Lately I’ve been helped by nine words Jesus prayed in the Garden of Gethsemane on the eve of His arrest. It wasn’t an easy “bless this or that” prayer. It came with intense sorrow; a weight so crushing He perspired drops of blood. (Gethsemane literally means “olive press.”)
While His disciples slept a stone’s throw away, Jesus planted his face on the ground in agony. Three times He asked the Father to remove the bitter cup of Calvary from His hands. And then, for the joy that lay beyond the cross, He said,
“…nevertheless, not as I will, but as you will.”
Hours later He was nailed to a tree; the sin of the world laid upon Him. Our redemption was secured. And it came through His prayer, “nevertheless, not as I will, but as you will.”
But here’s the thing:
I cannot pray, “Your kingdom come,” until I can let my kingdom go.
Jesus didn’t easily arrive at “Thy will be done.” And neither do we.
I used to consider “Thy will be done” a declaration of defeat, like waving a white flag to the heavens. Now I know it’s a victory cry, following a hard-fought battle on my knees.
When we come to the place of owning Jesus’ 9-word prayer, everything changes. Everything. Heartache turns into heavenward hope. Our outlooks transform from stark black and white [judgments and legalism] into a spectrum of Living color [compassion and grace]. We are simply never the same.
And it is not a one-time declaration. It’s an everyday decision – hour to hour, moment to moment. Over and over.
So here’s a small tip I’ve found useful:
When I am hard-pressed, I pray with open hands, palms up. Mainly because open hands signal my heart to open as well (both to give and receive). But also because my folded hands tend to start wringing. Try it for yourself.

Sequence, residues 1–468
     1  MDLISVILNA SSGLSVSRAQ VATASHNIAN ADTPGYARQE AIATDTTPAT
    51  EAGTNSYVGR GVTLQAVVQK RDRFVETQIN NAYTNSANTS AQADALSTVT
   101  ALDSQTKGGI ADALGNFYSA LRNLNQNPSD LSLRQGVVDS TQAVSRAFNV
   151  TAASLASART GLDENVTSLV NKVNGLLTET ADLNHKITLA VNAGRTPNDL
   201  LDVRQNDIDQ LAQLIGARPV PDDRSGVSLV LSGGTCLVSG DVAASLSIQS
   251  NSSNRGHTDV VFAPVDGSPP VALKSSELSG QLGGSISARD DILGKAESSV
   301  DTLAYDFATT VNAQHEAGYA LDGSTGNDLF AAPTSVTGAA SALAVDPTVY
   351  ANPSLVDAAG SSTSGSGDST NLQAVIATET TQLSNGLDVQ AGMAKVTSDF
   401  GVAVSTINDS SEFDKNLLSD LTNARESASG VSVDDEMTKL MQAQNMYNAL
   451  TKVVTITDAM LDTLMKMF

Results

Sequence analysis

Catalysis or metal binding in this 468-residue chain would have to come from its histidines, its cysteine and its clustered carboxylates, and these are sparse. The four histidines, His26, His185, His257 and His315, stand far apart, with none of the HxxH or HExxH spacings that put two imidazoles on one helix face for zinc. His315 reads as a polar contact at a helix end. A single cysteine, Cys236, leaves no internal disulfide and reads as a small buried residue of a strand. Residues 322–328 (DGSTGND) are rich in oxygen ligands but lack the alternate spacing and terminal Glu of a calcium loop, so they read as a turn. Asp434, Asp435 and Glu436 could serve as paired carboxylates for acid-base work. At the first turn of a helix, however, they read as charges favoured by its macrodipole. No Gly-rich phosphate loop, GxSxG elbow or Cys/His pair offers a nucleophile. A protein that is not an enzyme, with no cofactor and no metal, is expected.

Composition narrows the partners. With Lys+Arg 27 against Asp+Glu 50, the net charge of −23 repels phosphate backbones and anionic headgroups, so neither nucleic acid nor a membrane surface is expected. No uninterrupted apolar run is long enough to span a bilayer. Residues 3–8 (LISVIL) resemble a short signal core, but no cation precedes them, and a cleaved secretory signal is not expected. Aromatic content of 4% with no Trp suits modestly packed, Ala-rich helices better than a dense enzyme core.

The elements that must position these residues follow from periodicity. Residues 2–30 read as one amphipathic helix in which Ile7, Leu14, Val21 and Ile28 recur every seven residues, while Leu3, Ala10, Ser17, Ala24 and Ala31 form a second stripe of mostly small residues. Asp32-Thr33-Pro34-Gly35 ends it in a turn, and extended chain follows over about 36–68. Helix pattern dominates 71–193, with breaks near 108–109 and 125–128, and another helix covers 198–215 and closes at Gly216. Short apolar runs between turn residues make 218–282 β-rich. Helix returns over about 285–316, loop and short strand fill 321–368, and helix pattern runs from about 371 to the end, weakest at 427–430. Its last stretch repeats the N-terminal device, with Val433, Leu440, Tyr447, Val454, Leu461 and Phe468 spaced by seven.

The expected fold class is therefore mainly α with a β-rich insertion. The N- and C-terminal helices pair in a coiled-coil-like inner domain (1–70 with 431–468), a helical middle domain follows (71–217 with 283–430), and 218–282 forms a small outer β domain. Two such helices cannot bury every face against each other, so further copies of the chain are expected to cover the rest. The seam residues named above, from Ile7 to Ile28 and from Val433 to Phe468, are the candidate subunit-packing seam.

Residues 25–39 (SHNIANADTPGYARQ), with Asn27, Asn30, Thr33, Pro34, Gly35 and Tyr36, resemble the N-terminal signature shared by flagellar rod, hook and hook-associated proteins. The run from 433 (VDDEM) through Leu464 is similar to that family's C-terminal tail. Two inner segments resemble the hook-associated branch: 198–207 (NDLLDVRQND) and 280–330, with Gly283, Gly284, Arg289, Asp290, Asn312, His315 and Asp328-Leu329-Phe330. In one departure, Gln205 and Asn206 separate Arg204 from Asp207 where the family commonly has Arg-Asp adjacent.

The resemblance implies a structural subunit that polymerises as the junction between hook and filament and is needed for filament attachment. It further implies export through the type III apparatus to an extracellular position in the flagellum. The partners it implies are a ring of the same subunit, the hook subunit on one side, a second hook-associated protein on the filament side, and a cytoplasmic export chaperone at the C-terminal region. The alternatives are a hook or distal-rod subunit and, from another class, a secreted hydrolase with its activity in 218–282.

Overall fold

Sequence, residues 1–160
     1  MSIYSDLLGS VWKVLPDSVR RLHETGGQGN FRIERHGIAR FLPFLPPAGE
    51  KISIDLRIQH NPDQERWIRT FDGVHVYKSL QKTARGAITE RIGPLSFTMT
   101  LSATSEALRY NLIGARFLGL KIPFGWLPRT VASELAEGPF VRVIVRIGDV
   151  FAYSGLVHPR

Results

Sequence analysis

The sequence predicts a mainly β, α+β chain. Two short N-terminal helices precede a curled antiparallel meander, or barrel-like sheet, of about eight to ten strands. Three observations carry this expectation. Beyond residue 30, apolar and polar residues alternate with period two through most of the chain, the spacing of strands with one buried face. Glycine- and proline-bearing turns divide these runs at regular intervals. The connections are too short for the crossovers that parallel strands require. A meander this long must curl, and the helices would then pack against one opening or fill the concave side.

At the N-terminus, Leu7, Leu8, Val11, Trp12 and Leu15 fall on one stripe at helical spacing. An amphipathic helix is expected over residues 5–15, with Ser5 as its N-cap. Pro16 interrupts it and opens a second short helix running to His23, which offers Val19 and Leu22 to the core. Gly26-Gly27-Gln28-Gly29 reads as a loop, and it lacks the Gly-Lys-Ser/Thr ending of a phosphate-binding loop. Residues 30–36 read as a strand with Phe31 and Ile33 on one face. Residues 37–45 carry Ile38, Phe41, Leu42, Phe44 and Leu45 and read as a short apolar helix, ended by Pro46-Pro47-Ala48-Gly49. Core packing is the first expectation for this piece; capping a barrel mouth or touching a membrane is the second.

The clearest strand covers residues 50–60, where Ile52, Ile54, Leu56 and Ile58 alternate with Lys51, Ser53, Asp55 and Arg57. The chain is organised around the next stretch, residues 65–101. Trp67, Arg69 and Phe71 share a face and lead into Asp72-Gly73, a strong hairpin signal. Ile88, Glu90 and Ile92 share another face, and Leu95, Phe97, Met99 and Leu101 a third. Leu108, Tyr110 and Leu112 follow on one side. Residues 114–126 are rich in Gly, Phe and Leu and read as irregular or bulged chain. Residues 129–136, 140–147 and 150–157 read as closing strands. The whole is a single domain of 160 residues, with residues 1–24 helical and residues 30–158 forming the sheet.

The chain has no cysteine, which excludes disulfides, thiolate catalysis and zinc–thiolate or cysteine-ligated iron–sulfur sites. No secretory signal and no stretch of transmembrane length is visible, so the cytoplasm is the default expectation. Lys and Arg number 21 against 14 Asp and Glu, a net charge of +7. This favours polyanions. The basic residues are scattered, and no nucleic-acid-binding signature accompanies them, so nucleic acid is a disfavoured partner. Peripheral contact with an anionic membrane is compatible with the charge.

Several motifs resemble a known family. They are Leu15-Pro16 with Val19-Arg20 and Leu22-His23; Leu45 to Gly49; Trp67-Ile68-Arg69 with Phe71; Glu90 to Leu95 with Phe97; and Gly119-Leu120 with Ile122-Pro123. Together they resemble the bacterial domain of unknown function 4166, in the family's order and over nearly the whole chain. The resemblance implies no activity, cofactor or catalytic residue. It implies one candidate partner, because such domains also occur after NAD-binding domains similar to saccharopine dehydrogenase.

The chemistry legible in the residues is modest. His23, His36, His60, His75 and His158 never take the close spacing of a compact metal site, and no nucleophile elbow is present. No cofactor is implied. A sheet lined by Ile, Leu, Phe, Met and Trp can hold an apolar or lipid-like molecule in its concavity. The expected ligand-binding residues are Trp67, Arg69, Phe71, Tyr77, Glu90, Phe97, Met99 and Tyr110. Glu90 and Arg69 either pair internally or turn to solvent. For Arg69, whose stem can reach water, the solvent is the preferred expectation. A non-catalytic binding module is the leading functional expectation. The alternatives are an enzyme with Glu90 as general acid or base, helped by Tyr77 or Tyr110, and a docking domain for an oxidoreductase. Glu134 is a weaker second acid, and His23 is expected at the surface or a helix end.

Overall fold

Joni Eareckson Tada knows a thing or two about suffering. A diving accident in 1967 left her a quadriplegic in a wheelchair. Her “Thy will be done” became Joni and Friends© ministry to the disability community – a unique platform for the Gospel. And countless have come to saving faith in Christ. Joni says,
“He has chosen not to heal me, but to hold me.
The more intense the pain, the closer His embrace.”
Which reminds me: Did the Father answer Jesus’ Gethsemane prayer?
Yes! He didn’t take the cup of suffering out of Jesus’ hand; but He strengthen Jesus’ spirit with the presence of an angel, and provided strength that He shouldn’t fail or be discouraged. And so…
…by His wounds we are healed.
Dross to gold.
And that’s how God does…when we pray Jesus’ 9-word prayer.
How has God turned trial to triumph in your life? Leave a comment.
Hey Moms and Dads,
Do your kids know The Lord’s Prayer by memory? If not, how about teaching it to them this month? It’s found in Matthew 6:9-13.
Simply say The Lord’s Prayer together twice a day (morning and evening)…and seize natural opportunities to talk about it. You’ll be surprised how quickly it will deposit in their memory banks – and what a treasure it will be in your hearts!